The day started at 5am, up for breakfast and then off to the Common to catch our bus to the start line in Hopkinton. It is really quite unreal, to see the sheer number of people, buses and the logistics involved in an event of this magnitude. We both grumbled a bit about getting on the bus at 6:30am for a 10:00am race start, but we realized why when the 26mile bus trip took over 2hours! We arrived at athlete village in Hopkinton just before 9am and had time to use the porto john, change our clothes and stretch a little before making our way to our respective starting corrals. I lost track of D on the way to drop off our bags, but I sent him a telepathic hug and high five, all that we needed to say and do had been done and said and I knew that although we would be a long way apart on the race course, we would be together in spirit the entire run.
I made a decision the day before the race that I was going to just run how I felt and not hold back, even though I might pay for it later in the race. I wanted to see what I could do and wanted to give everything I had without holding back anything. My mantra for the day was 'development follows demand'- the only way to see new results and progress is to push the limits, stretch the comfort zone and break through the mental and physical barriers. I knew it was going to hurt and I was prepared to overcome the pain. Good thing, cause it did, and I had to.
At 10am the gun went off, and about 7mins later I made it to the start line. The sun broke through and I was warm enough to take off the sweater I had on and add it to the massive donations for the boys and girls club that were being collected along the start. The race starts out downhill, and it is a pretty steep downhill for about 2 miles. I ran along in the massive 'peleton' of runners, trying to allow the gravity to carry me without resistance. I had a good pace and covered my first 5km in about 23mins. The next 5km were a combination of downhill and flats and went by quite quickly. I hit the 10km mark at about 46mins. The undulations continued and at 20km my legs started talking to me and all I could say back was, we are only half way there... The rolling uphills that cumulate with heartbreak hill were nothing dramatic, but because my legs were already hurting at this point, they seemed bigger than they were. The uphills were a welcome relief from the pounding of the downhill, but I could see my speed slowing and I was beginning to feel nauseous. Mile 20 is where I have always fell apart in previous marathons, and this time it was about mile 23. My legs were in such pain that it literally took every ounce of mental strength I had to continue to push forward. I knew from my time that I needed to hold under 5min kms to break 3:30 and with 5km to go I knew I was not going to make that goal. Despite that, I refused to let myself give up and ease off. I knew that the only way I would finish satisfied was if I gave 100% of what I could, regardless of how fast it was. I managed to rally a bit and get my speed back up, but the last 5km were a true mental battle that I had to fight for each and every step. It is crazy how long that distance can feel! The crowd support was huge- 3-4 rows deep on either side screaming and cheering, but I was in my own world and could barely see or hear them. When I rounded the final corner I expected to see the finish right there, but it was another 800m and it looked like 10 miles! I don't know how or where it came from, but I was able to push myself to a solid run for the last stretch to the finish, crossing in 3hrs 32 mins. Those 2 mins seem so small, but I really could not have run any faster than I did on that day.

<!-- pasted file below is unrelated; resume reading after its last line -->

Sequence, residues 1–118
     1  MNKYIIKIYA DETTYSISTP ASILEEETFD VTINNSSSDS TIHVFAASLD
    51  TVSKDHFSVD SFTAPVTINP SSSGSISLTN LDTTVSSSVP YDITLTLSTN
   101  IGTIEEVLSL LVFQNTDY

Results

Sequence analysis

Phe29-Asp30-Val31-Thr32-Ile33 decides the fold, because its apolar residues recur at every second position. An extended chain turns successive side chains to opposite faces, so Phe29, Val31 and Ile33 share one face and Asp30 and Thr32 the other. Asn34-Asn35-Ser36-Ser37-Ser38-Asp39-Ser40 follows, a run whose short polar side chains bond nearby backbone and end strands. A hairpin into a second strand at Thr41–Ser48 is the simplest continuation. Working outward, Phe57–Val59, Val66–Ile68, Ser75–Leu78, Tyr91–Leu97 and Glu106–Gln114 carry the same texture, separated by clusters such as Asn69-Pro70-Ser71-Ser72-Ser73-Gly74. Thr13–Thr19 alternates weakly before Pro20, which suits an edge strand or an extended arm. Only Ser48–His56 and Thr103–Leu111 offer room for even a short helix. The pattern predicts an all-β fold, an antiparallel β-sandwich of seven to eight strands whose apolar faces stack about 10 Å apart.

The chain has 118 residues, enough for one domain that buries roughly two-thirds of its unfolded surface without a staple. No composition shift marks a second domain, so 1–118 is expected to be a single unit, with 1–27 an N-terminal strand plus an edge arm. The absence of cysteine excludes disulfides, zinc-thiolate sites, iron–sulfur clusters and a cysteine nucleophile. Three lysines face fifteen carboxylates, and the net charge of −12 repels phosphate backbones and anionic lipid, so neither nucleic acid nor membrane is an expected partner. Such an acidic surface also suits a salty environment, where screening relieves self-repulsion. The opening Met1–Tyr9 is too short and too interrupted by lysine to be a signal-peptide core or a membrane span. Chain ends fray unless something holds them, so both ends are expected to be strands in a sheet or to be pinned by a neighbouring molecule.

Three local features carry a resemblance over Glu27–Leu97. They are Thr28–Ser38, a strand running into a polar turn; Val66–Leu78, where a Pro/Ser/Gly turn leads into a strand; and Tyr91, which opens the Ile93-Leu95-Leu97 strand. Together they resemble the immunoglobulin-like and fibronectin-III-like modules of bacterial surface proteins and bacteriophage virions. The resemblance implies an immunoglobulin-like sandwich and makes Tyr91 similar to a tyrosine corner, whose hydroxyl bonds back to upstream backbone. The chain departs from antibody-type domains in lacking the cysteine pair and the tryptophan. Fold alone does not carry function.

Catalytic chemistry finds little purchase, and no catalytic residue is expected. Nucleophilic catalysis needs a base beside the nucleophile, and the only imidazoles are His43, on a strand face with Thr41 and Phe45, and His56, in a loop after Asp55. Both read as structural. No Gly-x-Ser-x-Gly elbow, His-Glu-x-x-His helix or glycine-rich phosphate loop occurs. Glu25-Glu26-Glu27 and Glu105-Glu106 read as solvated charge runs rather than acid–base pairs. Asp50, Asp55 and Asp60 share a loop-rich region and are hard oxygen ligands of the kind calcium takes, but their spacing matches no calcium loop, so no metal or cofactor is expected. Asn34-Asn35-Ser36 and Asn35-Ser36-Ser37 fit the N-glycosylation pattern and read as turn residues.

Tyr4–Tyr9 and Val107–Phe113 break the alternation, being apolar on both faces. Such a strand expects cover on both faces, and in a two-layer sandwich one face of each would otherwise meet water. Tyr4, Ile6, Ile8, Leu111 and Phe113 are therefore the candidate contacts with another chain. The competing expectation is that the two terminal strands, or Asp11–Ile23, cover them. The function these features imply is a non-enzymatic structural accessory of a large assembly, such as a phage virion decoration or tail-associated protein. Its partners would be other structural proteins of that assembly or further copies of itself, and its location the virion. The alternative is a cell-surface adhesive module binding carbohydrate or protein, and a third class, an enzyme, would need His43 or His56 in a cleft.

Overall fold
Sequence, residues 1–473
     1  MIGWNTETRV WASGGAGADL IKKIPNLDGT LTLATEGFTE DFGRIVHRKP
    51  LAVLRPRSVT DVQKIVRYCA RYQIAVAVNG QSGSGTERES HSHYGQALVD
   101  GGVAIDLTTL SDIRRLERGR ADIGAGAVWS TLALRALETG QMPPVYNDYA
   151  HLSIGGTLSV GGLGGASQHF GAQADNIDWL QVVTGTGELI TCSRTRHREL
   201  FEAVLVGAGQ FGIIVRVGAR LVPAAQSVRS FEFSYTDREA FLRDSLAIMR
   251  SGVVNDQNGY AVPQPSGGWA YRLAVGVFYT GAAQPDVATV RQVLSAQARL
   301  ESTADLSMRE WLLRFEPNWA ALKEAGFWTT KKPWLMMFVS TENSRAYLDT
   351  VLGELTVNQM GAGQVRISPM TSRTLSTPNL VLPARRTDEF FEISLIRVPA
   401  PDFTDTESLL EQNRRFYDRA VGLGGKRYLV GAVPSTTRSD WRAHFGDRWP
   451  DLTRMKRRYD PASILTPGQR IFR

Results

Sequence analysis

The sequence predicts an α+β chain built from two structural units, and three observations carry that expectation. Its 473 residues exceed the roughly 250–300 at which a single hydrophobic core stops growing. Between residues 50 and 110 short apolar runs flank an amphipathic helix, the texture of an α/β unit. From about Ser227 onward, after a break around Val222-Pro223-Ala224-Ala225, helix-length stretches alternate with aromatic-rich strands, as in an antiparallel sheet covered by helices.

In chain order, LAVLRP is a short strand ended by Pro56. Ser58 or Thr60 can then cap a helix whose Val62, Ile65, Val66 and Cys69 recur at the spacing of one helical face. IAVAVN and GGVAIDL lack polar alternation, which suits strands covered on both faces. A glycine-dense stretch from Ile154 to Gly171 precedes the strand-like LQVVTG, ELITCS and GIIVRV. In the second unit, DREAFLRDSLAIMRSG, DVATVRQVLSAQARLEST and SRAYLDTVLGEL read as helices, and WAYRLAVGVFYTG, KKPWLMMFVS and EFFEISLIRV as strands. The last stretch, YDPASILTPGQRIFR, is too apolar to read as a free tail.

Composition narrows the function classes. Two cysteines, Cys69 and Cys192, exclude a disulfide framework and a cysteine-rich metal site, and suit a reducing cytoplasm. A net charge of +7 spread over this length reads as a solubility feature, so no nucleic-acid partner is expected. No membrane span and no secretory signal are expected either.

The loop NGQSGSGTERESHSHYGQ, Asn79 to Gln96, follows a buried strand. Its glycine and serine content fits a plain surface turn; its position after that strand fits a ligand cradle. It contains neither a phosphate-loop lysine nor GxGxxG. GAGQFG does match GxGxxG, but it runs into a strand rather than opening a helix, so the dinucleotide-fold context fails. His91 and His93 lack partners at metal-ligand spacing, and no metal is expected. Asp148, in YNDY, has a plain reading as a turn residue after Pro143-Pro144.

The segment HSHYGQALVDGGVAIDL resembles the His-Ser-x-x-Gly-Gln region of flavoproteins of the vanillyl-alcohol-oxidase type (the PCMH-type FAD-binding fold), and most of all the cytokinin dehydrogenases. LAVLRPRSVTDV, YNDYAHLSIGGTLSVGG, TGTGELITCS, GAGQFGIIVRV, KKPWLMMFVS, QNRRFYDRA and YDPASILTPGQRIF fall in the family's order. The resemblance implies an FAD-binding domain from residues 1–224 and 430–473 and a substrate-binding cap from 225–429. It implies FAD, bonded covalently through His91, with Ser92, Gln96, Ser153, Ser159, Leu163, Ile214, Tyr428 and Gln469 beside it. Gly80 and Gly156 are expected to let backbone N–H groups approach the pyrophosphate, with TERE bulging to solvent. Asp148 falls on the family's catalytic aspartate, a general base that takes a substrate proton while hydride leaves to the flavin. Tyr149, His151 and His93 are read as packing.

Everything they say about the Boston Marathon is true. It is an amazing experience with incredible crowd support and an the energy and intensity of running with 21,000 of the best recreational runners is unlike anything else. It is also an extremely challenging course, it is taxing and grueling and cruel. Even though I knew I would pay the price of the quad tearing downhills, I never knew what kind of pain I would be in for. I have never hurt like that in any race- marathon, Ironman or otherwise. If I could have imagined it, I am not sure I would have had the guts to start.
All of that being said is was one of the most amazing and memorable experiences of my life and I wouldn't change any of it.
I can't say that I am signing up for another go, even though my time re-qualified me. I will have to forget about the pain for a while, and at least be able to walk normally before I can even consider it.
I am happy to have run a personal best on a challenging course, and what made my day truly complete was seeing D after the race and hearing that he not only had a great race, but he too PR'd with a 2:46, beating Lance by 4 minutes and finishing a very respectable 335 overall.
I was so proud and happy for him that my heart felt like it doubled in size. After training together through some of the most stressful times in our lives, through some of the toughest training conditions, and then overcoming the challenge of food poisoning 2 days before the race, his race meant as much to me as my own did.
I am so grateful for my health and the fact that I can compete and train and enrich my life through sport. I am doubly blessed that my life partner is also my training parter and with that, every success is twice as satisfying, and every challenge only half the burden.
Thanks babe :-)